Welcome to the blog of Spike Dennis; an artist and sometime curator. Trained in London Spike has exhibited widely, from London to Los Angeles, and has delivered projects from Cardiff to Stockholm, for organisations including the Illustration Research network and Cardiff Design Festival amongst Others.
I came across this great little video interview with Erin M. Riley the other day. I’m very familiar with Erin’s work and have had the pleasure of exhibiting alongside her in a couple of shows over the last year or so but I hadn’t seen this interview before.
For those of you who don’t know her work, Erin produces hand woven tapestries from photos that might otherwise be associated with the likes of Snapchat or Tumblr posts. Imagery often includes semi-naked women, used condoms and drug paraphernalia.
I grew up on the internet, so for me nudity is very normal, and when I was on AOL and when I was on these early chatroom things there was always this nudity, and maybe I am really desensitized to it and I am very much not shocked by it. I do know that it’s shocking but I don’t intend it to be. I intend it to be more like: “This is what’s going on!”
As an artist who also grew up on the internet and now works with textile based material processes along with contemporary (often explicit) content sourced via the internet I find I can relate to a lot of what Erin says in the video above. I was particularly interested her comments about the medium of the work removing the work from the pornographic realm.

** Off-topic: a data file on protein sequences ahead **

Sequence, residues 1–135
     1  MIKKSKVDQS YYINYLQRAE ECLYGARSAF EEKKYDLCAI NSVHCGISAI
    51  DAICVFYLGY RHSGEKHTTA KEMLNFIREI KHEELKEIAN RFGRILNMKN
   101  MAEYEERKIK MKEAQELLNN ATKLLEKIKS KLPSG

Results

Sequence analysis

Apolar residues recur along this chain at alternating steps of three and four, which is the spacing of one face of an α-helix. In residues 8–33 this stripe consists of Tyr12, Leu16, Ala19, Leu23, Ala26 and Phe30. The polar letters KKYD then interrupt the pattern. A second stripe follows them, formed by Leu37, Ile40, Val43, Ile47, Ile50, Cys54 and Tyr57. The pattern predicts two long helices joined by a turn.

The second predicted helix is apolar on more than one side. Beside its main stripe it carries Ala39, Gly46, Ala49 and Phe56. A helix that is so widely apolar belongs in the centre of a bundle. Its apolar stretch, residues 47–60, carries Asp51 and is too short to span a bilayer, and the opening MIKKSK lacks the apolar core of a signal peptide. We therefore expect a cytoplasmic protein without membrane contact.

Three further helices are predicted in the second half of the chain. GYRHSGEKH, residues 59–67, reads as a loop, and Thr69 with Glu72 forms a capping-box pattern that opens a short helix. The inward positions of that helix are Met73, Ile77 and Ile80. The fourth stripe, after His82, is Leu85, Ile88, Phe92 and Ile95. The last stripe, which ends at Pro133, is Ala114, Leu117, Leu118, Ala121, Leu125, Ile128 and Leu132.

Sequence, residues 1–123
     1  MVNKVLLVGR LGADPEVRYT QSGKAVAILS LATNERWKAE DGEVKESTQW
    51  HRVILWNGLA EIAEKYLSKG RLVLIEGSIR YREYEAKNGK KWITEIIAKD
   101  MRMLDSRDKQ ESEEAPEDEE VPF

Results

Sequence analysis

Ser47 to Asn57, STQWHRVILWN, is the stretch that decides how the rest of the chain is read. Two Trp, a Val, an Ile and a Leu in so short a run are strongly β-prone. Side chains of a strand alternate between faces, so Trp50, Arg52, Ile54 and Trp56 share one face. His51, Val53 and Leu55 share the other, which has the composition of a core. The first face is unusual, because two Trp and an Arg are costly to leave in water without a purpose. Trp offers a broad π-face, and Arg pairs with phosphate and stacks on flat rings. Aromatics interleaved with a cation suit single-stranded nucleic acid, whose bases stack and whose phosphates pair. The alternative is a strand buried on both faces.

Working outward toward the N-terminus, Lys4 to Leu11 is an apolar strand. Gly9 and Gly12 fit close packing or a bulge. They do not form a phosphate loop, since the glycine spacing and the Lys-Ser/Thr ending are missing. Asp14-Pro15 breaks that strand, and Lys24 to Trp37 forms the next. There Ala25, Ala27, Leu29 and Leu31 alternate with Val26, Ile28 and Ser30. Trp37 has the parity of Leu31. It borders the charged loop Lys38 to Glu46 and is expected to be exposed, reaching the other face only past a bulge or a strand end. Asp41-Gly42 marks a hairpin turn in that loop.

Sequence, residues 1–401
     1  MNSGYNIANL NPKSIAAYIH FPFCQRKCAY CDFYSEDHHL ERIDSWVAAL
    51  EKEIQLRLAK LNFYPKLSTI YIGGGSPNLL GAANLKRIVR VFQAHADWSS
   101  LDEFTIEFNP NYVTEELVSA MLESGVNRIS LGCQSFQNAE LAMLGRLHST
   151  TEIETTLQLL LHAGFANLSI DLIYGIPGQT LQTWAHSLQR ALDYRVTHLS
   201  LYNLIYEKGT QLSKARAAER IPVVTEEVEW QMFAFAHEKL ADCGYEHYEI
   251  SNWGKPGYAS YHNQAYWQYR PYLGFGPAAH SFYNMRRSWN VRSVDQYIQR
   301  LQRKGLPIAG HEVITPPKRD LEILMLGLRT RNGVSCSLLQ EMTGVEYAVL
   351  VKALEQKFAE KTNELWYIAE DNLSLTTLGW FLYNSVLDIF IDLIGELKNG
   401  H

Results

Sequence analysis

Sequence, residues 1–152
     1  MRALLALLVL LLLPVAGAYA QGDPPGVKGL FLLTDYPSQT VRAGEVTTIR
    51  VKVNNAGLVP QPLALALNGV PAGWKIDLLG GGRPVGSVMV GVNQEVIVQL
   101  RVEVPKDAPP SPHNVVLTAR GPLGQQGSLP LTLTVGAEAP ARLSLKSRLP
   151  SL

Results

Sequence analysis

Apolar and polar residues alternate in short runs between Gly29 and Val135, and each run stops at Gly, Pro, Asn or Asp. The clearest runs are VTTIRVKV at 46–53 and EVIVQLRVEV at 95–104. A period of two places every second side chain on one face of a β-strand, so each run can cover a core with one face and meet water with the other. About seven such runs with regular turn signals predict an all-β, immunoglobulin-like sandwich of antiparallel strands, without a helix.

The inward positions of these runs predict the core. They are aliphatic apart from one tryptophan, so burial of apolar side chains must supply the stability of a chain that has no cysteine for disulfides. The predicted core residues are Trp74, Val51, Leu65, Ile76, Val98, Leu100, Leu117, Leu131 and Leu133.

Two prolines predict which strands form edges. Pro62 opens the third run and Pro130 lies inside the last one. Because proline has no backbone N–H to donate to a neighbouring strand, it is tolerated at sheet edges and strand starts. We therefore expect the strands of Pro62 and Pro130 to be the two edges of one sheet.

Whilst the response of others to some of my work can be that of shock and disgust it’s good to hear that I’m not alone in my attitude and approach towards the content that I’m using as source material for my work.
Embroidered photographs aren’t a new thing; in fact there are quite a few artists combining stitch and photography at the momennt. I do like a well executed animated GIF though and these images by Japanese artist Mana Morimoto combine this digital medium with embroidered photographs to great effect.
I don’t know much about this artists work but I really like what I’ve seen on her Tumblr page so far. As I understand it she uses images found via Google search for her embroidered photographs which she then prints off, re-interprets with thread, and then digitally scans the resulting image.
I’ve been tinkering with some different grounds as I look to develop some new work. In this instance I have been playing with plastic canvas as it offers some structural qualities that can’t so easily be achieved with fabric. Unlike raw linen though it isn’t available in such fine count. This particular example works out at about 10 stitches per inch.
A new issue to consider when working with this plastic canvas is how to finish the edges. Unlike fabric it can’t be wrapped around a board to be stretched and mounted and you wouldn’t really want any of the material showing. Common consensus seems to be that an overcast stitch or whip stitch should be used to finish the edge of the material or to join two pieces. I’m not quite sure if this will work for what I have in mind but I’m going to give it a go with a couple of test pieces.